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Sport biz: Fashion statement



Cowards, I say! The people who run the NBA are cowards! Took a perfectly good opportunity to slam-dunk an easy-money scheme and dropped it like a bad bounce pass. Where, oh where, is exploitative capitalism when you need it?

You probably heard. Before the season began, the NBA nixed a contemplated plan to festoon the uniforms of its teams with sponsored logos affixed as patches on the front sides of jerseys. Thus, the league summarily denied fans who have paid good money for courtside seats the chance to see what a Gatorade logo looks like when it’s slathered with armpit sweat.

But forget the aesthetics. There was money! Money to be made! And yet the league allowed it to vanish like an air ball. The NBA’s estimate – and yes it was probably nonsense but an estimate still – suggested NBA teams collectively could have generated $100 million-plus per season by sewing logo-ized patches onto uniforms.

We lament what could have been. As did clever NBA fans who took to Twitter to make helpful suggestions to the league office about appropriate sponsorships for teams. Local fans, for example, urged the Nuggets to forge a win-win alliance with McDonald’s Corp. so that the team could establish a bond with particle-chicken treats, thereby opening the window for the ultimate in sports-branding: the Denver McNuggets.

The NBA’s shrinking-violet decision was a cold, calculated and heartless demonstration of restraint that represents an open slap to one of our greatest sports traditions, which is to make sure that the games and players do not intrude unnecessarily on the ability of fans to be advertised to.

Thank goodness there are bolder leaders at work in sports like NASCAR, which long ago embraced the concept of dressing souped-up stock cars in colorful pajamas featuring corporate logos. Better still is the example set by Major League Soccer, which has boldly erased the line between teams and sponsors altogether by allowing a marquee franchise to be named after a product. The New York Red Bulls, owned by the company that makes the iconic energy beverage, represents the epitome of brave sports merchandising and should be looked at as the model for teams and leagues going forward. Why stop at merely slapping logos on helmets and TV commercials on scoreboards when we can effect the ultimate in harmonic sports-advertiser convergence by naming teams after beer and trucks? When the Dallas Chryslers kick off to the Geico Colts in Super Bowl XLVIII, our dream will be fulfilled.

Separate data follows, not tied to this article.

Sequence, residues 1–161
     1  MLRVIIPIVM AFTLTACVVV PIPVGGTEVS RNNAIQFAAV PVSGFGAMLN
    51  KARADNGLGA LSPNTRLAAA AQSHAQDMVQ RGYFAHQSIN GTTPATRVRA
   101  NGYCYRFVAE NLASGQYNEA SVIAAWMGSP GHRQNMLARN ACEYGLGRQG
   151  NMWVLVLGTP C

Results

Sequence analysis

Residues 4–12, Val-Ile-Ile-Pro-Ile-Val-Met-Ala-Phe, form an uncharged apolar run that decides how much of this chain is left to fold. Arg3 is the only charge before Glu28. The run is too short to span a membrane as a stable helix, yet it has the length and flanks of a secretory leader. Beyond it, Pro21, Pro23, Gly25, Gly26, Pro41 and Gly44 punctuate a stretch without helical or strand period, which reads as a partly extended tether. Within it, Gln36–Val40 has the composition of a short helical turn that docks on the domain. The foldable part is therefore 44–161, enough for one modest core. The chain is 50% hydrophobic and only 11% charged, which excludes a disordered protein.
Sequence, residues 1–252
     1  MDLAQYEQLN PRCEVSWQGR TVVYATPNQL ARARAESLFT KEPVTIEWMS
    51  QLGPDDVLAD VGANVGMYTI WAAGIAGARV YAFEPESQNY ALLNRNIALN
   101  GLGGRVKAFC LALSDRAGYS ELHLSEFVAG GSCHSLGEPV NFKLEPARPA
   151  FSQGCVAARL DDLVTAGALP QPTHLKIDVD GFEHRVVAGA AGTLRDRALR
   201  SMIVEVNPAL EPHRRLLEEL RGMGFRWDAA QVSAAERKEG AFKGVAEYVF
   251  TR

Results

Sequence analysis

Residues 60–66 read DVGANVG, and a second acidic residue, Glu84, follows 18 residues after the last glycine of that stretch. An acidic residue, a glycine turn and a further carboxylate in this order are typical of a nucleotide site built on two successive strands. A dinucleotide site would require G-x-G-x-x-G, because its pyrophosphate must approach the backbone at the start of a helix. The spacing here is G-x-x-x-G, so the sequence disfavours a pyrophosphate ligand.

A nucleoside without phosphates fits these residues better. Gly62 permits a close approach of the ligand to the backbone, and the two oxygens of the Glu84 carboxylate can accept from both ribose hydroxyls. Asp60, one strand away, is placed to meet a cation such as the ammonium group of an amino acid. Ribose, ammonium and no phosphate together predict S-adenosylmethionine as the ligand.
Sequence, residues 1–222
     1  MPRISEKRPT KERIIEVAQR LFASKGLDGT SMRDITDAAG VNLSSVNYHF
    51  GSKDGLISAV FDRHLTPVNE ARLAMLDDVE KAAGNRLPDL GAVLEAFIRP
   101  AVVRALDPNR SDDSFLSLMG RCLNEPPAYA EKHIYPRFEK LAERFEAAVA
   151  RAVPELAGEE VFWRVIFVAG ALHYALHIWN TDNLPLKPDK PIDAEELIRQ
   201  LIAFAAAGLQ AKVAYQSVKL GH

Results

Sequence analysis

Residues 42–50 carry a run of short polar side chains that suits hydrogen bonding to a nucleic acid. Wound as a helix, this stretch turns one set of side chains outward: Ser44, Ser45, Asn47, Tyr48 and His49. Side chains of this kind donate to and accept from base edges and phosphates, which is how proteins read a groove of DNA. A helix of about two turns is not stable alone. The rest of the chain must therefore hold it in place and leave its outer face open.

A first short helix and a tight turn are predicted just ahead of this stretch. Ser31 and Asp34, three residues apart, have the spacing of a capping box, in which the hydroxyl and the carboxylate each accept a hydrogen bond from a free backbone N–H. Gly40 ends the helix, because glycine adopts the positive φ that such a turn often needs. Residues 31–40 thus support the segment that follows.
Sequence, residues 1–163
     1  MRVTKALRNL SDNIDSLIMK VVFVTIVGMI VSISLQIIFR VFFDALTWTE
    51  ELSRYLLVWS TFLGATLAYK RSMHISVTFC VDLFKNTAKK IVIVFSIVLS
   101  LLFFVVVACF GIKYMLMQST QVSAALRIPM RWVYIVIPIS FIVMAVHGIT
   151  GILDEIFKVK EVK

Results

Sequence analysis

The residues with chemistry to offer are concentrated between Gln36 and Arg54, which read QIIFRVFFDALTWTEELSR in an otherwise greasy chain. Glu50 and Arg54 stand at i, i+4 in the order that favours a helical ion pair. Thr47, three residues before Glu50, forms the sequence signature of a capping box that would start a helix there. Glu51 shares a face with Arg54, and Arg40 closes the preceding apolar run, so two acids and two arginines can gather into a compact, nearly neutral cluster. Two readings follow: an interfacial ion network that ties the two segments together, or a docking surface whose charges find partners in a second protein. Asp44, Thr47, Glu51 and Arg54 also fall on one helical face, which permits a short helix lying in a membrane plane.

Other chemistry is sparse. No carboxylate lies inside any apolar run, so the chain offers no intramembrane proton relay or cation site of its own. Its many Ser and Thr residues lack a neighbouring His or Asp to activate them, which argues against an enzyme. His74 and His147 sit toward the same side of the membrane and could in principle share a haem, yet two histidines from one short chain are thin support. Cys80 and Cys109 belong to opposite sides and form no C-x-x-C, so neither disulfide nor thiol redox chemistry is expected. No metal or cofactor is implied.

But it’s going to take more guts than the NBA and other Big Four sports leagues have displayed. Basketball’s cowardice here reminds us of a similarly milquetoast decision by Major League Baseball in 2004. Remember when MLB callously spurned a proposal from the movie studio Columbia Pictures to adorn the bases at MLB ballparks with images from the movie "Spider Man 2"? That set us back years. Had baseball displayed a little corporate backbone, we wouldn’t be saddled today with those pedestrian, dingy-white bases players tend to scuff up with their spikes. By now, every ballpark would feature cleverly branded bases sporting colorful advertisements for movies, soft drinks and erectile-dysfunction drugs. But
no. We’re left with only sad reminders of the game’s origins.

Sigh. Someday, this will all be over. Fans will be able to enjoy ballgames without having to worry about the distractions posed by players and scores. Leagues will bathe in riches, and advertisers will finally enjoy their rightful place as rulers of the sports kingdom. Until then, Coloradans will have to trudge to NBA games showcasing players in uniforms that feature nothing more than team names and logos. But at least they’ll be playing at a building called Pepsi Center.

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Stewart Schley

Stewart Schley writes about sports, media and technology from Denver. Read this and Schley’s past columns on the Web at cobizmag.com and email him at stewart@stewartschley.com

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